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Former NFL players are almost infamous for suffering from serious financial troubles after they retire. Now the league is trying to help fix the problem.
In Baltimore recently, two former NFL stars stood huddled next to each other, looking down at a colorful pair of dress socks—the latest from the Plaxico Burress Collection. Former All-Pro Giant linebacker Carl Banks nodded his approval to Burress and marveled at the quality of the socks, something Burress said he has finally perfected after months of testing out samples.
"It's time to expand now," Banks emphasized to Burress, who currently sells his collection in two New York City boutiques.
The two exchanged phone numbers and agreed to be in touch about getting Burress' product in stores catered toward the big and tall, where Banks has significant connections.
The scene? The 2014 NFL Consumer Products Boot Camp where more than 15 past and present players are learning skills they hope will last them long after their playing days.
Banks is a success story for the NFL. The former linebacker who won two Super Bowls with the Giants has transformed himself off the field into a successful businessman and president of GIII Sports By Carl Banks.
Banks is working with the NFL to help others find success off the field and help NFL players avoid going from millionaire to just another statistic.
In 2009, Sports Illustrated reported that 78 percent of NFL players face bankruptcy or serious financial stresses within two years of leaving the league. The NFL disputes this figure, saying that NFL retirees have higher income than men of similar ages in the general population.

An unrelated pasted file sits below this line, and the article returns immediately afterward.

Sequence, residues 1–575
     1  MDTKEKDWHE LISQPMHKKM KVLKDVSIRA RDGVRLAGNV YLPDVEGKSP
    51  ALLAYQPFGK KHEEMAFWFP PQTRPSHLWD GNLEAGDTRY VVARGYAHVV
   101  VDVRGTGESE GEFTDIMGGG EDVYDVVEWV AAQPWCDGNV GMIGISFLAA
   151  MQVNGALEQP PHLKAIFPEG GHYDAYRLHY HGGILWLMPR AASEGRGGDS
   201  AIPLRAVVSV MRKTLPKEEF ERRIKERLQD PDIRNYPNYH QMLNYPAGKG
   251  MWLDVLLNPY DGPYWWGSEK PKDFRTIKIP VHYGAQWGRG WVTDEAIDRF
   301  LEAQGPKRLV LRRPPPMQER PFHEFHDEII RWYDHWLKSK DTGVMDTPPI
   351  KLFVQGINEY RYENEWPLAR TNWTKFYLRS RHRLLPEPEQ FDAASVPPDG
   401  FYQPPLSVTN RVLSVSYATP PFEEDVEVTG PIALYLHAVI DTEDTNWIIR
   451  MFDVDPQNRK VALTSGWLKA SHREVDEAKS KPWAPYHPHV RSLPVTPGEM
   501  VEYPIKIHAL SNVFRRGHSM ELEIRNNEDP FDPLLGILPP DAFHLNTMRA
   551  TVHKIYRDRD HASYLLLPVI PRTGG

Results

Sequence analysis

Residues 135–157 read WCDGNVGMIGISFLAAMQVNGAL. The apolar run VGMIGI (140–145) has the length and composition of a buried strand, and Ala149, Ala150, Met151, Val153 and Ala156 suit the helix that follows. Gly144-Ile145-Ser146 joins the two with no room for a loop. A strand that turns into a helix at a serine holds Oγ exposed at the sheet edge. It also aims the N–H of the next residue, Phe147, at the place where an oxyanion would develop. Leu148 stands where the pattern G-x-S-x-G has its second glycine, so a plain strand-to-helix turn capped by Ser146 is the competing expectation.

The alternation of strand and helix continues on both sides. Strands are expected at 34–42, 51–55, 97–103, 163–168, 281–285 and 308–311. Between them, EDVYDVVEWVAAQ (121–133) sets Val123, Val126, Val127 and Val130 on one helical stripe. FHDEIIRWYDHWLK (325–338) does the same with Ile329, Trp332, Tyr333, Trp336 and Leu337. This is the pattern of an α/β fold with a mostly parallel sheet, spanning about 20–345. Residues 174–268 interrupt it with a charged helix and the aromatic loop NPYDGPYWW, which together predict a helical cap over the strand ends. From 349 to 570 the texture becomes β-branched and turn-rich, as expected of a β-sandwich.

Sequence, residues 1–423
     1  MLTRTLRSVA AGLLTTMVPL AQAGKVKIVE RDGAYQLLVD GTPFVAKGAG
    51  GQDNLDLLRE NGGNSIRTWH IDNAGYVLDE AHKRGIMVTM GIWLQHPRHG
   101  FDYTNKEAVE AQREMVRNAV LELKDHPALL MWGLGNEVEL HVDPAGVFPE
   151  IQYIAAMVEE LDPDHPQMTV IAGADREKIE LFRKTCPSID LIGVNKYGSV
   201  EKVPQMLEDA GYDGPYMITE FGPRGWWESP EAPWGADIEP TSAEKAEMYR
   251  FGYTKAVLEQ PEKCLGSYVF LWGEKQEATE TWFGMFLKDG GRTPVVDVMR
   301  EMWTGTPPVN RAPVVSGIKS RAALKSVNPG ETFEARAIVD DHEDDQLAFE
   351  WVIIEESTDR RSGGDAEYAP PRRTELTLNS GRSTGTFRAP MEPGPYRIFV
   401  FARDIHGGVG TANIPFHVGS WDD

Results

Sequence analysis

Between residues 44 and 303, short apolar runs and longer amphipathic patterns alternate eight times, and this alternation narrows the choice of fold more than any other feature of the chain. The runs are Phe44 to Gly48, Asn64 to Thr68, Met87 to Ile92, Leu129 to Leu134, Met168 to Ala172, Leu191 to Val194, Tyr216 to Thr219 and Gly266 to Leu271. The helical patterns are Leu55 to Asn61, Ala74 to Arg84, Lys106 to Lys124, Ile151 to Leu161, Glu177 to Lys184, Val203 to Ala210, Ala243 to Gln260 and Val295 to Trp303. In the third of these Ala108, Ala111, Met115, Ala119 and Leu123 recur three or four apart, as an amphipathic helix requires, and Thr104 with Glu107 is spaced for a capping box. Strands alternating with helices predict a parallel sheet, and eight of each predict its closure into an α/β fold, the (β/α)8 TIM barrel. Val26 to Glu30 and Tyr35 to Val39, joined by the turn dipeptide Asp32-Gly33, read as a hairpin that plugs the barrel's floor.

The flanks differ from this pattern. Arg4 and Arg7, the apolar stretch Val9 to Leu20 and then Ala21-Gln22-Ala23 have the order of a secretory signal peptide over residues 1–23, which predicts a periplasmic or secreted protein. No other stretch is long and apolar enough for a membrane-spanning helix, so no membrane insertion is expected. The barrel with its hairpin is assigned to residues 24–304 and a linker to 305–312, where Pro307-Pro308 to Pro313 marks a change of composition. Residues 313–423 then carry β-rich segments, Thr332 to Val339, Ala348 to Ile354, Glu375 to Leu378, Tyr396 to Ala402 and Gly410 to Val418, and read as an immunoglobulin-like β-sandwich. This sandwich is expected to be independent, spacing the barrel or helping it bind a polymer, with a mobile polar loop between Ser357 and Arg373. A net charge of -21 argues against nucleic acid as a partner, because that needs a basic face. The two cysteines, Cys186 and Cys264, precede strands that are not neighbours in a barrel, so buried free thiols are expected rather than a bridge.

"There's only so much room in the broadcasting booth," Banks emphasizes to the group during one of the many sessions, which teach everything from marketing to copyright patent law.
The NFL has long held boot camps (broadcasting always the most popular) but this is the first one focused on consumer products.
"This is one of a number of experiences we do to expose our players to life after playing football," said Kimberly Fields, vice president of player engagement for the NFL. "We want to arm players with the tools and resources to do wonderful things in the community."
The players attending the boot camp come from all backgrounds and levels of business experience.
"I happen to be a player that has no clue what I want to do once I'm done with football, so I thought this program would be beneficial to me," said Torrey Smith, wide receiver for the 2013 Super Bowl champion Baltimore Ravens.
For other players, the week is about learning the necessary skills to take their products to the next level.
"A few years ago we came up with an idea to come up with a potty training package," said Mike Leach, a 37-year-old long snapper for the Arizona Cardinals. "Now we're trying to get manufacturing and distribution."
Leach, a 14-year veteran, says he has become more serious about his life off the field as his window in the NFL has shortened. He's attending the boot camp with his wife and business partner Julie, who says it has been great networking and is helping to provide them with resources, ideas and knowledge to move forward with their product.
Ten-year NFL veteran Phillip Buchanon has other motivations for being at boot camp. Several years ago, a bad business deal and pressure from friends and family almost put him in financial ruin.
"I had one deal where I lost $1.6 million," he said.
Today, he's hoping to tell his cautionary tale in a book and board game aimed at players coming into wealth quickly.
"I felt like this was a way for me to give back after long nights of dealing with bad business deals," Buchanon said.